— will it be a or a . And what about size, how BIG will it be? The same goes for the Blu-ray player that will be supplying video from disc or perhaps subbing with “smart TV’ features for streaming video or playing music. But what about the cables that need to connect between the TV and the or DVD player? Or the cable box or satellite receiver that brings in broadcast and cable networks?
Good Cables Versus Bad
possible is used for these connection is a must. That means brand names, because “unknown” HDMI cables that might have come for free or are lying around might not have the transmission speed that the video/audio signal needs to provide the best results. And getting good results doesn’t mean spending hundreds of dollars for these cables, like it did in the early days either. But it does mean that you get what you pay for, and being price conscious is easy, since getting the proper length of will help to avoid unnecessary costs as well as insure a good connection. And while HDMI cables are prevalent, in a normal home theater there will be other cables as well, for example, S-Video and RCA type audio cables going to/from legacy devices such as a VCR player. These are found mostly populating an , which will of course have HDMI cables attached to them for sending audio to the home theater speakers. So just as with HDMI, it’s important to get quality cables for audio. This is especially true of these “analogue” cables as they are more likely to exhibit noise and interference if they are inexpensive (meaning poor materials poorly constructed).
Checking the Connection
Everyone knows that if a battery connection gets all “crusty” the battery won’t be able to transfer power correctly. The same can happen if the connections to your home theater are shoddy. Since the (the bulk of all cables used in a home theater ) holds itself in place through friction, it’s important to make sure that there’s no strain pulling on it that could cause it to loosen or fall out. That’s the easy part. What’s a bit harder is to first make sure that the HDMI connectors on both the cable itself and where it’s going to be inserted are clean and free of dust and/or detriment. A few “wisps” of a feather duster will keep the dust from gathering on an top, or the tops of speakers, but what about the connectors on the back of the receiver? Or the back of a Blu-ray player or ? These can all benefit from a bit of dusting maintenance before the cables are inserted (that includes optical cables for audio too). Want to make sure there’s no dust that could cause issues? Then take a Q-tip and lightly “circle” any connector that looks like it could use some gunk removed before inserting a cable (but don’t insert the Q-tip into any connector since the cotton could come loose). And if the connectors can’t be easily seen due to how they’ve been placed, try a penlight or flashlight so you’re not working in the dark.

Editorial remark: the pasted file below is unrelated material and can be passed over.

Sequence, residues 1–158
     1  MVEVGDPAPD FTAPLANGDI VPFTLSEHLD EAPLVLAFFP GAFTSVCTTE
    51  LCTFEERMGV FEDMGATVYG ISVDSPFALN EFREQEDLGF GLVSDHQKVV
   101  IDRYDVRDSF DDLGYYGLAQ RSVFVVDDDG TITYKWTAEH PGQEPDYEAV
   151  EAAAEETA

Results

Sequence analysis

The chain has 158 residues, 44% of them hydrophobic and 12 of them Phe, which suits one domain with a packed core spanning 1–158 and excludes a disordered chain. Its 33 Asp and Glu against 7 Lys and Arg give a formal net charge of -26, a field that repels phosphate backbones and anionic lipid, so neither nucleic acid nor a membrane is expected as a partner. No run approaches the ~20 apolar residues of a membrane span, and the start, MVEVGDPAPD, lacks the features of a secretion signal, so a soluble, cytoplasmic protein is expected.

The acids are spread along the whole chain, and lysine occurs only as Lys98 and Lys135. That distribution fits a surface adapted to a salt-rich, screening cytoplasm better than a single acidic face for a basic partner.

Placement of Cables
— whether they’ve done it themselves or had it done by an installation service, for example, . In either case, there’s going to be cables going from the TV to the various devices that supply it with a picture. These cables don’t get in the way of anyone and can be tucked behind the cabinet the TV is on or hidden inside a runner going up the wall (if non-invasive means are in use), but what about speaker wires (which are also cables of a sort) that have to trail from the AV receiver or from the TV and go throughout the room if there’s a surround sound system. The wires need to reach the left/right surround speakers and what’s important here is to keep any weight from impacting on these cables. There are a number of ways to do this: either will have to go under the rug (difficult to do by oneself) or they will have to be on top of the carpet but placed under a runner so people/pets won’t trip on them or trample them or the cables will have to wind its way across the walls. Of course speaker placement in the ceiling will avoid all this — but that’s definitely a shout-out for a professional installer because of structural needs, electrical wiring avoidance and city codes.
The attractive quality of a or a set of surround speakers may catch the eye, but it’s the cables that affect just how good the picture and sound that will be seen and heard will be. Take care of the cables and they will do their job and you can concentrate on what’s important: enjoying your home theater.